Q&A with Seth Nagy- Foxtail, Star of Bethlehem, and Soil Testing

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This week I want to share three questions we received at the N.C. Cooperative Extension, Caldwell County Center. I hope you find these questions and their answers helpful.

Question: Foxtail is taking over my hay field. What can I do to control this weedy grass?

Yellow Foxtail

Yellow foxtail is a weedy annual summer grass in hay fields. Preemergent herbicides are now available to control this pest. (photo credit: AnRo0002).

Answer: Foxtail is an annual grass that germinates in the spring when soil temperatures are an average of 65 degrees for three consecutive days. Foxtail is typically a problem for the second hay cutting.

In 2017, Prowl H2O was registered for use in pastures and hay fields. Prowl is a preemergent herbicide with the active ingredient pendimethalin. A pre-emergent herbicide is a great tool for controlling annual weeds prior to their germination.

For the preemergent to be effective, it must be applied before the weeds germinate. Typically, foxtail starts to germinate in Caldwell County mid to late May. Applying Prowl H2O two weeks before expected germination will provide 8 weeks of weed control.

Besides foxtail, Prowl will also control other annuals such as crabgrass, goosegrass, fall panicum, and pigweed. Also of importance are restrictions. There is a grazing restriction of 60 days and a hay restriction of 45 days. These restrictions are the time between making the herbicide application and when the forage can be grazed or harvested for hay.

Also, for the application to be effective, it must be rain activated within two days of application. For complete details about Prowl H2O, read the pesticide label.

Question: What is this weed?

Star of Bethlehem flower

The star-of-bethlehem is very pretty but is a weed when it spreads into unwanted areas. (photo credit: Hectonichus).

Answer: This plant is called star-of-bethlehem. These plants are native to Europe and North Africa.

They can be found in lawns, pastures, golf courses, and crop fields.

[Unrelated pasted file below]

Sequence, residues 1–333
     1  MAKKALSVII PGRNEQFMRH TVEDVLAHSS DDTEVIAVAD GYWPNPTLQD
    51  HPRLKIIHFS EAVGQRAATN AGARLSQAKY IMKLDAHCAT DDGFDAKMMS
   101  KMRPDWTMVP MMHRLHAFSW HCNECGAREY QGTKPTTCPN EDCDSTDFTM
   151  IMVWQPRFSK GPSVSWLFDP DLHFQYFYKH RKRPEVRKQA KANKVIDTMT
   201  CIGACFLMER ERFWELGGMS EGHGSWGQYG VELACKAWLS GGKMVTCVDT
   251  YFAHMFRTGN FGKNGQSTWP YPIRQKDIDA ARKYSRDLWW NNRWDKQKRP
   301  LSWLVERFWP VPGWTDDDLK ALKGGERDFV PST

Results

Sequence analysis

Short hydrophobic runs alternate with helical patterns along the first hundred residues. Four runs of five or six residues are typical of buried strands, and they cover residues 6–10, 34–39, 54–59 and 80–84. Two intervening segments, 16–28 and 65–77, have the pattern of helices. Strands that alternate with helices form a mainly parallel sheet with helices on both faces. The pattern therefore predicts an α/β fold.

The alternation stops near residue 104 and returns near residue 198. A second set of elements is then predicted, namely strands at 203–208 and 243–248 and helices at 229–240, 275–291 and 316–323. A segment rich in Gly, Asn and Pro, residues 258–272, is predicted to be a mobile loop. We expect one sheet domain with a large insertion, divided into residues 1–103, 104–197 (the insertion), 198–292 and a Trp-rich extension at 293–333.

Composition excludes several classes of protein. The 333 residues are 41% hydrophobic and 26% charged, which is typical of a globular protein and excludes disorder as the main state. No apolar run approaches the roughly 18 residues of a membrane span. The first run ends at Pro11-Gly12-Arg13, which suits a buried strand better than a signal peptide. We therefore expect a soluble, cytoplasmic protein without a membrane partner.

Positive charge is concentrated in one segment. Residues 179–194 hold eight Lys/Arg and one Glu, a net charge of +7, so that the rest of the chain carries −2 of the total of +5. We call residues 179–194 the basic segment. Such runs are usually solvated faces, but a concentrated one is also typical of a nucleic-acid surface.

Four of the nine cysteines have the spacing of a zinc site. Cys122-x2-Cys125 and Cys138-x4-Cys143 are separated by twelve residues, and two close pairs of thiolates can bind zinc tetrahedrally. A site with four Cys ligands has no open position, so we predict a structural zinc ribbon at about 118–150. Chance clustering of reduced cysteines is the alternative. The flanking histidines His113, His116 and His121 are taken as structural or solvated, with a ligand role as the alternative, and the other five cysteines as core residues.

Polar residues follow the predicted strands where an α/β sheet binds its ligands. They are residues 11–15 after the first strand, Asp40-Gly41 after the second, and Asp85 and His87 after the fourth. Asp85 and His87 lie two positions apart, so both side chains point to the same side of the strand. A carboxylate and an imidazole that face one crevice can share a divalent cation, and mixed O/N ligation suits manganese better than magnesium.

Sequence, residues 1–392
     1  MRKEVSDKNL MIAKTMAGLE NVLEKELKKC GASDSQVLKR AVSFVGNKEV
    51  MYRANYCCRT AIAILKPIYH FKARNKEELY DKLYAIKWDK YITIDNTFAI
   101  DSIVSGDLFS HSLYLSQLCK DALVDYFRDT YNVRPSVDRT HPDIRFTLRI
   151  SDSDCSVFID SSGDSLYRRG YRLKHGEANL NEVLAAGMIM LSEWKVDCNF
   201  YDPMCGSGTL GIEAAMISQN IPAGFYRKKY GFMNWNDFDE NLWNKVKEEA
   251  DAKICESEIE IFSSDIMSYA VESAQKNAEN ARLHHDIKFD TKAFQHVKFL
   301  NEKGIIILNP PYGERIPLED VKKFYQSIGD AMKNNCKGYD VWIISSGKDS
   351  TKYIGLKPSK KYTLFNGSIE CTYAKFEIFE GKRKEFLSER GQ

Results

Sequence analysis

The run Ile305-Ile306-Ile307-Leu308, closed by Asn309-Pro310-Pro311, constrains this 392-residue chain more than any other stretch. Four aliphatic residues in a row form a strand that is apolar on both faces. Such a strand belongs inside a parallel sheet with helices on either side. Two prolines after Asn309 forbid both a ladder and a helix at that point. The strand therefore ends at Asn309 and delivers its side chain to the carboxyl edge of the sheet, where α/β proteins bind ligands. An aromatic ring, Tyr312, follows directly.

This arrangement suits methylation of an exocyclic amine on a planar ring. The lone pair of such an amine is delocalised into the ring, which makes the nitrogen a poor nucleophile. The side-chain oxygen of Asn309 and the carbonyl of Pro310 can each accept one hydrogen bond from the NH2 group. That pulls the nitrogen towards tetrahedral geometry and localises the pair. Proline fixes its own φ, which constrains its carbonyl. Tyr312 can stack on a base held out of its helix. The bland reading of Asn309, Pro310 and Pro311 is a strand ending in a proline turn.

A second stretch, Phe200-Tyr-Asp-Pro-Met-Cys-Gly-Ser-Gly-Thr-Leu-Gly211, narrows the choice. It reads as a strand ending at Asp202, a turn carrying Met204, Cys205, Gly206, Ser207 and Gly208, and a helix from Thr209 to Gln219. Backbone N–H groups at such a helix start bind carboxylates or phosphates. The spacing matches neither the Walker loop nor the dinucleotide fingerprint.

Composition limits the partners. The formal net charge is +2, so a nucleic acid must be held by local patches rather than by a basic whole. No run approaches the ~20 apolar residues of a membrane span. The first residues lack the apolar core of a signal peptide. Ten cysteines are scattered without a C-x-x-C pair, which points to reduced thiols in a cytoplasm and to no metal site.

roots of Star of Bethlehem

The star-of-bethlehem grows in the winter from bulbs in the soil, just like daffodils or tulips. (photo credit: Seth Nagy).

Star-of-bethlehem is a herbaceous perennial bulb. The leaves are narrow with a light green midrib. The flowers are white to pale yellow in color with six star-like petals. It is a member of the Liliaceae family.

Aim is a herbicide that will control this weed in commercial and agricultural settings. The active ingredient in Aim is carfentrazone. This product is not registered for use in home lawns. Hand digging is an effective way to remove this weed from residential settings, or the herbicide Speedzone can be used.

Question: How do I take a soil sample of my yard?

Answer: Taking a sample of your soil is the first step in soil testing. Soil testing is a predictive test which estimates soil nutrients available for plant uptake.

Improperly collected soil samples are the weak link in the soil testing process. A soil probe is an essential tool to easily take a good sample. The soil probe is used to extract a ¾ inch soil core. When sampling a lawn or pasture, the core should be taken to a depth of 4 inches. Four inches is considered the effective rooting zone of grass. A good soil sample consists of 12 to 20 cores of soil taken from the field or lawn area. These cores are all thoroughly mixed together and placed in a cardboard soil sample box.

When sampling, avoid small areas where soil conditions differ markedly from those in the rest of the field or lawn area. These include wet areas, severely eroded areas, or any area that does not match with the rest of the field or lawn area. If these unique sites are large enough, they can be sampled separately.

Soil samples are usually analyzed within one or two weeks of the time they are received by the N.C. Department of Agriculture and Consumer Services’ Soil Lab in Raleigh. There is a $4 charge to analyze each sample from December thru March. There is no charge for soil analysis from April through November.

Once an analysis is complete, the soil test report is posted on the Agronomic Division’s website, and an email notification is sent to the client.

To make the process easy, the N.C. Cooperative Extension, Caldwell County Center has soil sample boxes and soil forms, and we lend soil sample probes as well. I suggest taking a soil sample every three or four years.

If you have questions about weed identification, weed control, or soil sampling in your lawn or pasture, please contact Seth Nagy, County Extension Director at the N.C. Cooperative Extension, Caldwell County Center at 828-757-1290 or by email at seth_nagy@ncsu.edu.